Even before it was revealed that US inflation had surged to 5.4% in June, concerns had been rising that the US Federal Reserve was complacent about the risks. Fed chair Jay Powell probably did little to mollify inflation hawks in a recent congressional hearing. But can the Fed really be accused of inaction?
To answer this question, it is worth revisiting June’s meeting of the US Federal Open Market Committee. This meeting was even more heavily anticipated than usual, with markets waiting with bated breath for revisions to forecasts for growth, inflation, unemployment and future policy rates. The US economy has, of course, leapt off the starting blocks this year and the recent revisions by the Fed acknowledged this unexpected strength. Growth in 2021 was revised higher to 7.0%; the US unemployment rate expected at the end of next year was cut marginally to 3.8%; and the forecast inflation profile out to end-2023 was nudged higher to 2.2%.
The changes came as no surprise, given the scale of planned government intervention in the US economy and the effectiveness of the vaccination rollout. However, the projection for long-run US inflation remained unchanged, with the 2% target remaining in place, despite the potential short-term surge to 5.4% witnessed in June. The Fed’s estimate of trend GDP growth was also unchanged, at 1.8% per year.
We can only speculate what advanced economies would be like without the years of ultra-accommodative monetary and now fiscal policy they have had. Could the recent surge in inflation put pressure on the Fed to change its ways and slow monetary stimulus sooner?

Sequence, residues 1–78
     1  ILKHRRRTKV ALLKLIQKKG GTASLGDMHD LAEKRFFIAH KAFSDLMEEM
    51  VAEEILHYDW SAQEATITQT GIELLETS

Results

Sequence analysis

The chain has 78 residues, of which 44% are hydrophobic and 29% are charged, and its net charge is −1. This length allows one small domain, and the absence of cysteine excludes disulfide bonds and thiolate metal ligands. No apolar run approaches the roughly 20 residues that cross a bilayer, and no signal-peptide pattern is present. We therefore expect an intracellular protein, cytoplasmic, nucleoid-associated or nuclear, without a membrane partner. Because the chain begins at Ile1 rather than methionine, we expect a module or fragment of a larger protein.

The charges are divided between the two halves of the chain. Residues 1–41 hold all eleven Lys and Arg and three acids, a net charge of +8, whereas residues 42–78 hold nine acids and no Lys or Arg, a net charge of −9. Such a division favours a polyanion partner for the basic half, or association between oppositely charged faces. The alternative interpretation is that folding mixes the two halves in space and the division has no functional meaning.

Central banks are at the top of their game when they can adjust market pricing without actually doing anything. In many cases, actions are always greater than words and often, by offering a nudge and a wink, the Fed can take the steam out of developing excesses or, conversely, embolden risk appetite — as was the case at the June FOMC, when by simply hinting at policy rate increases in 2023, it capped market-priced inflation rates and took the top off an array of reflation trades. This simple nudge by the Fed caused the US yield curve to flatten by 0.25%; globally, value stocks lost 3% relative to growth stocks, and, perhaps most notably, the US dollar rose by nearly 2%.
However, it is important to take a step back and retain some perspective from these reversals — a lot can and will happen between now and the end of 2023. Even if the Fed’s forecasts prove correct, US policy rates will still only be 0.6% by the end of that year. If that is a problem for the US economy, we are really in trouble.
Within its framework, however, the end of 2023 is as distant as it can go without altering its equilibrium forecasts; note that the most popular estimate by FOMC members for the US policy rate is ‘unchanged’.
The point is, of course, that the Fed is signalling the beginning of the end of extraordinary policy accommodation. This is not the first such signal since the Great Financial Crisis and yet policy remains extraordinarily accommodative. Even if correct, money markets still suggest that US policy rates will be lower than the Fed’s equilibrium estimate at the end of 2029.
None of this will be lost on the Fed. After watching US inflation surge through 4% in April and hit 5% in May, some official response was needed to keep markets orderly and avoid accusations of imprudence. Their action was well-timed. As US inflation rose afresh in June, it is noteworthy that markets, with their trust in the Fed reaffirmed, have remained calm.
Looking to the summer, investors have to contend with still-lofty equity valuations. The latest US flows-of-funds data points to investors being ‘all in’ in spring. However, the global economy will be unable to sustain the growth surge. Coupled with talk of sticky inflation and now a Fed ‘on the turn’, there are events on the horizon that may cause investors concern.
Were it not for the continuing strength in corporate profits, this would likely be more than the market could withstand. However, profits are rising firmly, the outlook for capital investment has rarely looked better and governments continue to write cheques as never before. The Fed is encouraging markets to let off steam. This is something that investors should welcome.
Stephen Jones is CEO of Aegon Asset Management UK